A Different Kind of Memorial Day

 Traditionally, Memorial Day is a day in which we acknowledge the sacrifices made for our continued democracy here in America. We remember that men and women died on battlefields to make sure that our journey toward freedom and true equality would progress. However, in light of what has recently happened in Uvalde, Texas and Buffalo, New York, I believe this Memorial Day has a different meaning.

21 people died in Uvalde, 19 of them children. 10 African Americans were killed in Buffalo, all because they were African American. These two events happened within the span of a week. Those events remind us of several things. The shocking nature of these events reminds us of our humanity, for if we had totally lost our humanity, we would not be bothered or mortified. These events remind us of our mortality, because we know, in the current world we live in, that could have been one of us or our children, and how precious each and everyone of our lives are. These events unfortunately remind us that hate is prevalent in this world, and though we cannot totally eradicate hate, we must always be vigilant against it.

We cannot allow hate to dictate our politics any longer. Hate leads to mass shootings. Hate leads to insurrection. Hate leads to racism. However, Dr. King admonished us repeatedly that hate cannot defeat hate, only love can do that. As altruistic as this next statement may sound, the fact is our politics needs to be driven by love.

The Abrahamic Religions teach us to love one another to reflect our devotion to a God that loves us. In every facet of our lives. Politics is part of our lives. Politics is the vehicle that provides the leadership that is suppose to govern us. If we choose our leadership based on hatred, then we will be governed by an agenda of hate. We will continue to have public policy that discriminates, punishes, and isolates when governed by hate. We will continue to have public policy that constricts freedom, restricts justice, and retracts progress when governed by hate.

On holidays like Memorial Day, we, Americans, profess our love for America. Yet, when public policy that expresses that love, like the New Deal and the Great Society, comes forward, somehow the politics of hate, cloaked in the sheep’s clothing of patriotism, is allowed to swoop in and dismantle those policies. Lives have been lost to create policies of love, such as outlawing slavery, protecting the right to vote, and banning assault weapons, but hate has been allowed to usurp those policies in the name of individual rights.

When the men whom we Americans have deemed our Founding Fathers wrote the United States Constitution, they envisioned a nation that could defend itself, promote the general welfare and secure individual liberty simultaneously. Though they did not see a world where African Americans were eligible to serve in public office, despite several African Americans serving as administrators during the Articles of Confederation period, nor a world where people from various nations would seek a new life for their families, not unlike the Founding Fathers’ ancestors themselves, they created a document of love that could be expanded to incorporate what they could not foresee.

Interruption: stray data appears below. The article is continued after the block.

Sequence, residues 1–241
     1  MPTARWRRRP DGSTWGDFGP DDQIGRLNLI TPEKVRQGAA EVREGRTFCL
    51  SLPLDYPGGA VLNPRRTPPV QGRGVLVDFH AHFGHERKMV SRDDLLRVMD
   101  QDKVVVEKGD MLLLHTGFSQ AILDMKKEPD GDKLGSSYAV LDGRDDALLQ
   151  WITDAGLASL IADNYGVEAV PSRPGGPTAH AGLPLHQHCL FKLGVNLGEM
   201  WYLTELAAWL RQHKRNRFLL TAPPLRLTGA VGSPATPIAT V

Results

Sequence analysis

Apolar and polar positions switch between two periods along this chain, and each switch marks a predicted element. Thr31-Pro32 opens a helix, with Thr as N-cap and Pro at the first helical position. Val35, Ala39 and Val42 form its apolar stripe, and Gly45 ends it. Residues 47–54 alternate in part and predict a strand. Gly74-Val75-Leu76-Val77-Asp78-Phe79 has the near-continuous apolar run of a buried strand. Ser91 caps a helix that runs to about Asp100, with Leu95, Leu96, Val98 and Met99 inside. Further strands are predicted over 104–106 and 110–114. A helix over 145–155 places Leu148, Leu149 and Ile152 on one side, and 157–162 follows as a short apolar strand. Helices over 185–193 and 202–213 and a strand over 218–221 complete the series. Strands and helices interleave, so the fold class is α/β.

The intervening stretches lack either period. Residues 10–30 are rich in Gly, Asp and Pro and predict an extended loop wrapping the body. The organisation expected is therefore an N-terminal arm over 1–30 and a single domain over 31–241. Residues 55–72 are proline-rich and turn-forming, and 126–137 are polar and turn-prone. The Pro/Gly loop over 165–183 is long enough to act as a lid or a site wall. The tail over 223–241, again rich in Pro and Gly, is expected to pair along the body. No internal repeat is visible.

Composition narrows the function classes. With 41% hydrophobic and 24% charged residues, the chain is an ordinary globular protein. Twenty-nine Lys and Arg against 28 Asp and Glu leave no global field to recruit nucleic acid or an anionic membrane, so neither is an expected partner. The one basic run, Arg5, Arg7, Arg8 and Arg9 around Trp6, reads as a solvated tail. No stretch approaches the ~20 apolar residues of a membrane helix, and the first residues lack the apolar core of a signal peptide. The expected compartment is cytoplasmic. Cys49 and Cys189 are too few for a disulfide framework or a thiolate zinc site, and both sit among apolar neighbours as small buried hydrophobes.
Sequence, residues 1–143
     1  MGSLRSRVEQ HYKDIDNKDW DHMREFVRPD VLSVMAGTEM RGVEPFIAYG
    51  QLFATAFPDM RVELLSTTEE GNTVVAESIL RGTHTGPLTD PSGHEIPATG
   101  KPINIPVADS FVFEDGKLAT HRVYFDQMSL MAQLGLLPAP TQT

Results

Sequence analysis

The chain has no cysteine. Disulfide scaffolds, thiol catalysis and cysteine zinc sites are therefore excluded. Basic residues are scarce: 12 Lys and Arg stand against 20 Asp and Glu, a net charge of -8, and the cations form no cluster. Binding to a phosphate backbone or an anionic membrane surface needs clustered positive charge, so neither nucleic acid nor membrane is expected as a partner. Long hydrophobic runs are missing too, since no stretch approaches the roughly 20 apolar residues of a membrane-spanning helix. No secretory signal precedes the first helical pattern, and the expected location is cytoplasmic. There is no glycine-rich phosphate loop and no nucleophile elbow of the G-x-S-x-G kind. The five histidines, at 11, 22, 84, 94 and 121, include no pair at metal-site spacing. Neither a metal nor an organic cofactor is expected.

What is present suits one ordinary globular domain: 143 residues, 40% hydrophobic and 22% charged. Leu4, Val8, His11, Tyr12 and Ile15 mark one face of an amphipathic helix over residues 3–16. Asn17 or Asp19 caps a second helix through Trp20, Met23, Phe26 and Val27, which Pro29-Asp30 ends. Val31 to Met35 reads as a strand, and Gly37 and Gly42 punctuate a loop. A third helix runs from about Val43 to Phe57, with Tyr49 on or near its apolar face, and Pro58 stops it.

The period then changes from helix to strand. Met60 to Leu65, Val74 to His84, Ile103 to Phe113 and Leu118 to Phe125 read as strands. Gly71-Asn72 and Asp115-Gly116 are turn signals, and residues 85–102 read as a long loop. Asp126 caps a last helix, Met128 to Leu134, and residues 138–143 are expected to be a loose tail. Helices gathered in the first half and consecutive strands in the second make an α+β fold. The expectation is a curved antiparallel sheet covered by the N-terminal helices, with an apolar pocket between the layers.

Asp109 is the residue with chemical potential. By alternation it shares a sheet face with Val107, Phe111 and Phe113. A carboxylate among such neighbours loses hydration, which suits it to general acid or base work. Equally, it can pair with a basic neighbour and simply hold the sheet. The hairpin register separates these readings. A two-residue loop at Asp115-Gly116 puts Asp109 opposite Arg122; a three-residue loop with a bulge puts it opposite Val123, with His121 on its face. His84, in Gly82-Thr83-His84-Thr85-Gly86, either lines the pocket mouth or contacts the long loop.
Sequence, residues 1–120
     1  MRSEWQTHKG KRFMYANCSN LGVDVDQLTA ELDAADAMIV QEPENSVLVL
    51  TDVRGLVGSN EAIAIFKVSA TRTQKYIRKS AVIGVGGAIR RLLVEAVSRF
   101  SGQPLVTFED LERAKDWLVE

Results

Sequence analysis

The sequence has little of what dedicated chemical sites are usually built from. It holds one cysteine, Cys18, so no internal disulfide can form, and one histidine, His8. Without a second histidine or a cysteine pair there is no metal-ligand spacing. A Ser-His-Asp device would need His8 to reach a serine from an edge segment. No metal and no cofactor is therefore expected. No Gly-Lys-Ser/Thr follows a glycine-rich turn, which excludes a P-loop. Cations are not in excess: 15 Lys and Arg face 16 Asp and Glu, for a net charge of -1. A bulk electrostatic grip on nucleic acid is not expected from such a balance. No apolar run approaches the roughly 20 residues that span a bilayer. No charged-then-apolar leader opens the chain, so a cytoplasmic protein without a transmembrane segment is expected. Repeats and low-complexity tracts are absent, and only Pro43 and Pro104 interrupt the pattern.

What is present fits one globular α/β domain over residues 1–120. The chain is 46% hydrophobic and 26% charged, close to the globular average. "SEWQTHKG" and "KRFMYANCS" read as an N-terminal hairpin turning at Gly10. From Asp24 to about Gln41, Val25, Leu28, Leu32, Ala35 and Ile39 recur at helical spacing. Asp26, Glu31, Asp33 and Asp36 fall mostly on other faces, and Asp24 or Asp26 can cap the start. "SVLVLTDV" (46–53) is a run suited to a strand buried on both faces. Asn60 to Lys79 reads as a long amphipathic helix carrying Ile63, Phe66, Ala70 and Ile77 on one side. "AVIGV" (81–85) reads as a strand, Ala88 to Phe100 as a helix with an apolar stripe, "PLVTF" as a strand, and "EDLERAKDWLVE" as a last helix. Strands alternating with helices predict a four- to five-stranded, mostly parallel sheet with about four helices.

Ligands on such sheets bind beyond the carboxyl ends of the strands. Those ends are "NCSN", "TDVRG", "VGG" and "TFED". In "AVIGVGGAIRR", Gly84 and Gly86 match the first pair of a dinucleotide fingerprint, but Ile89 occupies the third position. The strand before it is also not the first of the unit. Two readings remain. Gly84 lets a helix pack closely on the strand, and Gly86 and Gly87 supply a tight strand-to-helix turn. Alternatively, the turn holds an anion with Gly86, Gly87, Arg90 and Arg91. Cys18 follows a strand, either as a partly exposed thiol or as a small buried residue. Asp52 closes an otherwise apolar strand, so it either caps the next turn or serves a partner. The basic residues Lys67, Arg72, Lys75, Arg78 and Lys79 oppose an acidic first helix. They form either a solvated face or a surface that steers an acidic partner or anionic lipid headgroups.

It has been those individuals that have been driven by hate, using the fuel of fear to propel them to power, that have done their dead level best to stymie the progress of this nation at every turn. Political evolution, defined as progress, has proven to be strong throughout American history, however it has also been shown to be vulnerable to hate and fear.

We cannot legislate morality, nor can we regulate and predict the hearts of men. We can, however, be prepared for battle against hate and fear, with a well-educated, vigilant electorate. As easy as it sounds, it is a scary proposition to face hate head on. Imagine an 18-year old young man from Moline, Illinois, or Irvine, California, or Greenwood, Mississippi, or Warner Robins, Georgia, being recruited/drafted to serve in the United States Army to fight in some foreign country they never even imagined visiting. Imagine showing up on the frontline, hearing bullets whizzing by, mortar shells landing and exploding, watching men dying right in front of them, yet summoning the courage, while suppressing their anxiety, to move forward.

Those that died in those circumstances we commemorate on Memorial Day. We memorialized them as being brave, but we dehumanize them if we don’t remember that they were scared young men, fighting for a principle they believed in. The difference is that they overcame their fear and pursued a greater purpose, some fatally but many more successfully. The fallen we revere on this day. The living we acknowledge on Veterans Day. 

The truth, however, is that there are many Americans who battle every day, on this soil, for the principles they believe in, the principles of love that protect freedom and demand equality and justice. And some of them have died. How do we memorialize them? We see innocents slaughtered in hate, disguised in the form of individual liberty or mental illness, on a frequent basis. How do we memorialize them?

We memorialize them by continuing the struggle. We memorialize them by standing up for what is right. We memorialize them by demanding justice, equity and equality. We transform our anxiety and apathy into bravery and activism. We don’t desire a day of commemoration for the fallen, but generations of peace and prosperity for all Americans.

We cannot allow hate and fear to dictate our politics any longer. We need to exercise the politics of love and compassion to continue America’s progress. We need to be, as our anthem states, the free and the brave in doing so.


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